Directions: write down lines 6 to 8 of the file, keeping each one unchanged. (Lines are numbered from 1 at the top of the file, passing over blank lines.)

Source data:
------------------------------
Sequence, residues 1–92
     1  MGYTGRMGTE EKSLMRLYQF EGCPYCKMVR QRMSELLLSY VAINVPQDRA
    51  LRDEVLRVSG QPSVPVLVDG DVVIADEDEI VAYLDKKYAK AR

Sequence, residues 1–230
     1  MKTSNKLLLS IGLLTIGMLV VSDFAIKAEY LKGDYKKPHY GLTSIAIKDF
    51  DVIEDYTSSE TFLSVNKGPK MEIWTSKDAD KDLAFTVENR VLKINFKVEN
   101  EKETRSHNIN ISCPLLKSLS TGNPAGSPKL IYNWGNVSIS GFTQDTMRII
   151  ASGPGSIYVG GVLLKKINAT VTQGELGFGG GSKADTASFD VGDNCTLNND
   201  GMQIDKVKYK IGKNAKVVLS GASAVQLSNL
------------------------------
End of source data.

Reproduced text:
    51  DVIEDYTSSE TFLSVNKGPK MEIWTSKDAD KDLAFTVENR VLKINFKVEN
   101  EKETRSHNIN ISCPLLKSLS TGNPAGSPKL IYNWGNVSIS GFTQDTMRII
   151  ASGPGSIYVG GVLLKKINAT VTQGELGFGG GSKADTASFD VGDNCTLNND